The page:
Here’s How Businesses Use Swag to Make an Impression

Here’s How Businesses Use Swag to Make an Impression
How many times have you (intentionally or otherwise) pocketed the pen at the restaurant after signing your check?
by Square Oct 18, 2017 — 2 min read
Here’s How Businesses Use Swag to Make an Impression

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Be honest: How many times have you (intentionally or otherwise) pocketed the pen at the restaurant after signing your check? The pens serve as small, inexpensive souvenirs from a memorable meal, and each time you use them, they make you think of that experience — and perhaps remind you to make a return visit.

The pen-swiping practice is not an act of petty theft, as a Bon Appétit story explained. Instead, it’s a method of marketing aimed at making a lasting impression on customers. (Well, until the ink runs out, at least.)

Of course, pens aren’t the only bit of swag that customers can take away as a fond memory/reminder to come back. When choosing effective giveaway items, a rule of thumb is that they should be useful, cute, or fun (and preferably all three).

So we polled our Seller Community to find out what kind of items they give away. Here are some of their ideas, and how you can tailor them to your business.


The folks at Rifle Paper Co. are known for their distinct design style, and they share that with shoppers at their retail store in Winter Park, Florida, by giving away pins to anyone who visits. To keep things fresh, they switch up the size and style of the pins once in awhile.

Rifle Paper pins

Pins are a good option if your business has an easily recognizable logo, slogan, or style — not to mention a customer base that wants to wear them. If you check all these boxes, pins can be a great takeaway for shoppers, and a way to spark interest from other current and potential customers.

Loyalty cards

J.R.’s Fresh Cut Fries in York, Pennsylvania, goes the tried-and-true route with loyalty cards. Sure, they’re not swag in the traditional sense, but loyalty cards are simple, inexpensive giveaway items that are intended to spur repeat visits and, eventually, result in a reward item for customers. So, a win-win with low overhead.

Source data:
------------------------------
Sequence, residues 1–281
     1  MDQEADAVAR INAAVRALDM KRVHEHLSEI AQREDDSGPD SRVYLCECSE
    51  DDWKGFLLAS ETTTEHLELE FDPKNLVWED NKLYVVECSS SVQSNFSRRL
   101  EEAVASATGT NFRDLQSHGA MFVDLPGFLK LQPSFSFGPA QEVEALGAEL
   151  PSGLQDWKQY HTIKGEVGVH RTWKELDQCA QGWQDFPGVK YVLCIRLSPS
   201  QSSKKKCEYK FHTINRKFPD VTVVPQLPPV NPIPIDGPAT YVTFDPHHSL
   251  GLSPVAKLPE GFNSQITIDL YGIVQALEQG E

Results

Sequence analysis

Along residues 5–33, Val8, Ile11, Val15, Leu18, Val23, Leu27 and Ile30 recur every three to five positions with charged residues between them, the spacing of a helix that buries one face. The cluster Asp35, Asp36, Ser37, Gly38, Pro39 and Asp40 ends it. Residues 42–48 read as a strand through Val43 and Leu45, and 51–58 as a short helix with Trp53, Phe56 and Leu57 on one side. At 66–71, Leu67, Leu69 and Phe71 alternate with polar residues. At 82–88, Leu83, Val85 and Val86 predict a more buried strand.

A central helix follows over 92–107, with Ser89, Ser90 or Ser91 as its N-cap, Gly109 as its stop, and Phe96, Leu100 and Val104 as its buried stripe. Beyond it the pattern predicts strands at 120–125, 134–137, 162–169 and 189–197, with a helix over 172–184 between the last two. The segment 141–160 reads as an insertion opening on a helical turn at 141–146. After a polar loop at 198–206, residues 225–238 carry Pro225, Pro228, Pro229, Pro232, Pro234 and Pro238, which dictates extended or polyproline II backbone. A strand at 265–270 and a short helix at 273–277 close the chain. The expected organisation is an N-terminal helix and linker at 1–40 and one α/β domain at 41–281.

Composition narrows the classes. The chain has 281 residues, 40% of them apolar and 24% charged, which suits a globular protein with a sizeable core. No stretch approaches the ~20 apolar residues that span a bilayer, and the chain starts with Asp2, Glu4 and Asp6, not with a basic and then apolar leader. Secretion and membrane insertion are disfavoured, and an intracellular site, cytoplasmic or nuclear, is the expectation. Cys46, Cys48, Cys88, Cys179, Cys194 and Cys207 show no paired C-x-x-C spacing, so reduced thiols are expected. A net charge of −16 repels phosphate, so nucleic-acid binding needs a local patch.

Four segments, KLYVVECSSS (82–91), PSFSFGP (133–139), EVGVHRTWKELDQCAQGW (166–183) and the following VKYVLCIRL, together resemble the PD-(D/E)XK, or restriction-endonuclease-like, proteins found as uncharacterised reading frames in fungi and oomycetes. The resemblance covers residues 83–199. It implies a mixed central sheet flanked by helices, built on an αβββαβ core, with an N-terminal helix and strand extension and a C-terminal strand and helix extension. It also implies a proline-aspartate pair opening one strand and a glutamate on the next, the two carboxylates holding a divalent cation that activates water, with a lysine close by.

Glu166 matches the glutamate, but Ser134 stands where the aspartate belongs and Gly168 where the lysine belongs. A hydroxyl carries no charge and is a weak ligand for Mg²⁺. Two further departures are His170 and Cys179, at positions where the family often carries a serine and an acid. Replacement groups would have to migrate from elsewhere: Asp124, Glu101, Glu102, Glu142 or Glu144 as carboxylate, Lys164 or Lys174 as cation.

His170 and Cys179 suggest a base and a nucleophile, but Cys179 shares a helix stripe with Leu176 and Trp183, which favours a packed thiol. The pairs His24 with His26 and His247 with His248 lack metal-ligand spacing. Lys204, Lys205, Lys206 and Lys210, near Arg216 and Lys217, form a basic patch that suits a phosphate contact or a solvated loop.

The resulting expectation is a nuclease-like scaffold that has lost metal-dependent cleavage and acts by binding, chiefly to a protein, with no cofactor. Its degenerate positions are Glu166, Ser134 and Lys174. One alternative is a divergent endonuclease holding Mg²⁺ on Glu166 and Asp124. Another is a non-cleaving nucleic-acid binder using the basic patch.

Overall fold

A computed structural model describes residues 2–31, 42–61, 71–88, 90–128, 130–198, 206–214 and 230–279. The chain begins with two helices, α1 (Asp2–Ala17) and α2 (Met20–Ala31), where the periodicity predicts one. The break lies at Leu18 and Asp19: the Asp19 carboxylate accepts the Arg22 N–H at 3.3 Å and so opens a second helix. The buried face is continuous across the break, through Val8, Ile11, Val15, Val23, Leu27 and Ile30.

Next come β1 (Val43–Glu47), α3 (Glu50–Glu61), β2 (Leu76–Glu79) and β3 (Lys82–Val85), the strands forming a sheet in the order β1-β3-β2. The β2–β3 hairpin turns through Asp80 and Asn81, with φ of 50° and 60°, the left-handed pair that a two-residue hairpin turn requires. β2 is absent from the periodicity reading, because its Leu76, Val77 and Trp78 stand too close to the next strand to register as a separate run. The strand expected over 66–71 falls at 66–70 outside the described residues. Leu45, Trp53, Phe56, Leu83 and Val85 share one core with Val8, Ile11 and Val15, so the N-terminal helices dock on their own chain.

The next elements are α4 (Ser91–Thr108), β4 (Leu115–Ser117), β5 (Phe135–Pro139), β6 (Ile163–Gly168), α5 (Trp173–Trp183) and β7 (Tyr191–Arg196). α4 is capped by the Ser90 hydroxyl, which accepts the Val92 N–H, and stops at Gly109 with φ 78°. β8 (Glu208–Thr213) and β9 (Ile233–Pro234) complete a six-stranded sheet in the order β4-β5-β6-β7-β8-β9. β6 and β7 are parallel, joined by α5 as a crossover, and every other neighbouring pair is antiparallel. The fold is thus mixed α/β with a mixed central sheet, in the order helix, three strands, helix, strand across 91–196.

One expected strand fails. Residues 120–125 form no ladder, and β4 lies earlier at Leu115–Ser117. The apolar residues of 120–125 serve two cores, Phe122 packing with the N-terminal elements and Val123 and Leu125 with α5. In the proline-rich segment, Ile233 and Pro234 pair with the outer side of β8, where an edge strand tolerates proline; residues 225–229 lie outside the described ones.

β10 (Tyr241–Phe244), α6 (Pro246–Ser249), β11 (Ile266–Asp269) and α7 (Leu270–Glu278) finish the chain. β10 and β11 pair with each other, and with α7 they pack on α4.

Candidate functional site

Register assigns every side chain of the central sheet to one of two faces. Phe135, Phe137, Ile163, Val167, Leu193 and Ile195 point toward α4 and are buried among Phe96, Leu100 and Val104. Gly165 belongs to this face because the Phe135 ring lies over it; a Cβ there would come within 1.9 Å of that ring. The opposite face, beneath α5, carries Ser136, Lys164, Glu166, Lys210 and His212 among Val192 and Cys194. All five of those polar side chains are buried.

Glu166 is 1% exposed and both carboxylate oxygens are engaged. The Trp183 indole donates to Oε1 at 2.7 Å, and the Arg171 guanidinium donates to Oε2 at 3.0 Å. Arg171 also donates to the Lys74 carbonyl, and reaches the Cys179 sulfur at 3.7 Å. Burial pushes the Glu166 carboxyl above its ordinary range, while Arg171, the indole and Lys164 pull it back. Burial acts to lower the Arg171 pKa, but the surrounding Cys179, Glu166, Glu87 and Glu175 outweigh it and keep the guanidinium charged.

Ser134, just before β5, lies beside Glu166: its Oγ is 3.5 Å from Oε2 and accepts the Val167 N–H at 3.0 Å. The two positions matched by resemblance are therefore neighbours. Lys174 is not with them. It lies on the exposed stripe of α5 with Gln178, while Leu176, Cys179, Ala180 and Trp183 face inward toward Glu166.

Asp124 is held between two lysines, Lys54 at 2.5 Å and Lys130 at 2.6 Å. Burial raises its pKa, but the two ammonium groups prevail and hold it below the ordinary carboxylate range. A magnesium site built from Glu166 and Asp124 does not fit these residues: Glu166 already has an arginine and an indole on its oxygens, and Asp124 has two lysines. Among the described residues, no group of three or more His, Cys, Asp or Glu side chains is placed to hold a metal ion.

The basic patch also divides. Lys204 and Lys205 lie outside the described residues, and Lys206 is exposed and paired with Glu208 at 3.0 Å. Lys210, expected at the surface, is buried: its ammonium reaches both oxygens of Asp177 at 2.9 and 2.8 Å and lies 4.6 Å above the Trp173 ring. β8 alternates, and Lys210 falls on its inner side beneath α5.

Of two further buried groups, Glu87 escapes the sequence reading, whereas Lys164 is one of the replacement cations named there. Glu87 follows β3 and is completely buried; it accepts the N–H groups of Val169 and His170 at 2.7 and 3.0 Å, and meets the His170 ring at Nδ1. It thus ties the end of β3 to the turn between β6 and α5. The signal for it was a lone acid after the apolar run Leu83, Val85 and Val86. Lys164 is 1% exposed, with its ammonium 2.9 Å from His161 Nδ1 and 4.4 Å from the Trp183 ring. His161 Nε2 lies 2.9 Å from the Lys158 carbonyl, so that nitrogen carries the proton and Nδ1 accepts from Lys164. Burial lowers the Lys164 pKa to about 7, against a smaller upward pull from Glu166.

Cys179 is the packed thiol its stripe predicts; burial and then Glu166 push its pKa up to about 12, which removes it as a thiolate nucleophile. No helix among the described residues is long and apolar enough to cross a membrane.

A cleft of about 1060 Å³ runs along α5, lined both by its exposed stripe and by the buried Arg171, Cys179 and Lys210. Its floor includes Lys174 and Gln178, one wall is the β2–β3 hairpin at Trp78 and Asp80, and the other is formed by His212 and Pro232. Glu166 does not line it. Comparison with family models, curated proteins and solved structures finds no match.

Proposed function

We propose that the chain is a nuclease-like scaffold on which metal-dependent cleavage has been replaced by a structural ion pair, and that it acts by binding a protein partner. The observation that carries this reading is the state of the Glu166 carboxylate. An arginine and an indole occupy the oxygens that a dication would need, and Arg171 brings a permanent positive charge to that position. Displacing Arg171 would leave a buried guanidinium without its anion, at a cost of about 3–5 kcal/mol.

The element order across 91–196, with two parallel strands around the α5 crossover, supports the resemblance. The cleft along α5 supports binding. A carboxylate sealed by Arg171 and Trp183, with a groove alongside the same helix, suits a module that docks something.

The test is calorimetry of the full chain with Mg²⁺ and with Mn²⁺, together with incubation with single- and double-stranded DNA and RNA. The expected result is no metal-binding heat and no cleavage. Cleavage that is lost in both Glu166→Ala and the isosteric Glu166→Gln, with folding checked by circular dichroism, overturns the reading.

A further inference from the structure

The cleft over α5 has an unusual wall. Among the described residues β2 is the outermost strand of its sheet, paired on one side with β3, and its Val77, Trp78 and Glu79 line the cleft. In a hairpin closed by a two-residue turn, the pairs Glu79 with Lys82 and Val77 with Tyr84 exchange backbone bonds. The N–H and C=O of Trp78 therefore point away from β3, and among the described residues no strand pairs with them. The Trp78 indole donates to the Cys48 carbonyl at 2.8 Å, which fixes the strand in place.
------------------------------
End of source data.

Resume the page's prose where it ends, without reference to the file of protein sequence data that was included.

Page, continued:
JR Fresh Loyalty

Whether it’s a traditional punch/stamp card or something more sophisticated, like a digital program, loyalty cards can be applied to just about every kind of business, from coffee shops to clothing stores.


A seller that deals in children’s items gives away magnets that look like the store’s business cards. The magnets are great for displaying children’s artwork — and a daily reminder to stop by again.

Magnets are also a natural fit for anything related to food and drinks. When customers open the fridge during a party and realize there’s no more wine or beer, they can get the number of the local beverage store off the handy magnet on the fridge and call to have more delivered. Make sure to add pertinent details, like delivery hours, phone number, and whether you accept online orders.

Of course, buying things to give away isn’t the only way to get your name out there and remind customers to come again. The Locavore Store in Hilo, Hawaii, sells shirts that it makes in the store. It also sells canvas totes, produced with canvas from a Singer warehouse in town, designed and sewed by a customer who is a seamstress.

Locavore TShirt

Other sellable items include travel coffee mugs and easy-to-stash reusable shopping bags. To make these items more appealing (and less like you are asking customers to pay to promote your business), try incentivizing continued use of the products. You might offer a discount when bringing in a logo mug for a refill or when carrying purchases home in the reusable shopping bag.

Do you give your customers swag or sell them items branded with your business’s name? Tell us about it in the Seller Community.

The Bottom Line is brought to you by a global team of collaborators who believe that anyone should be able to participate and thrive in the economy.


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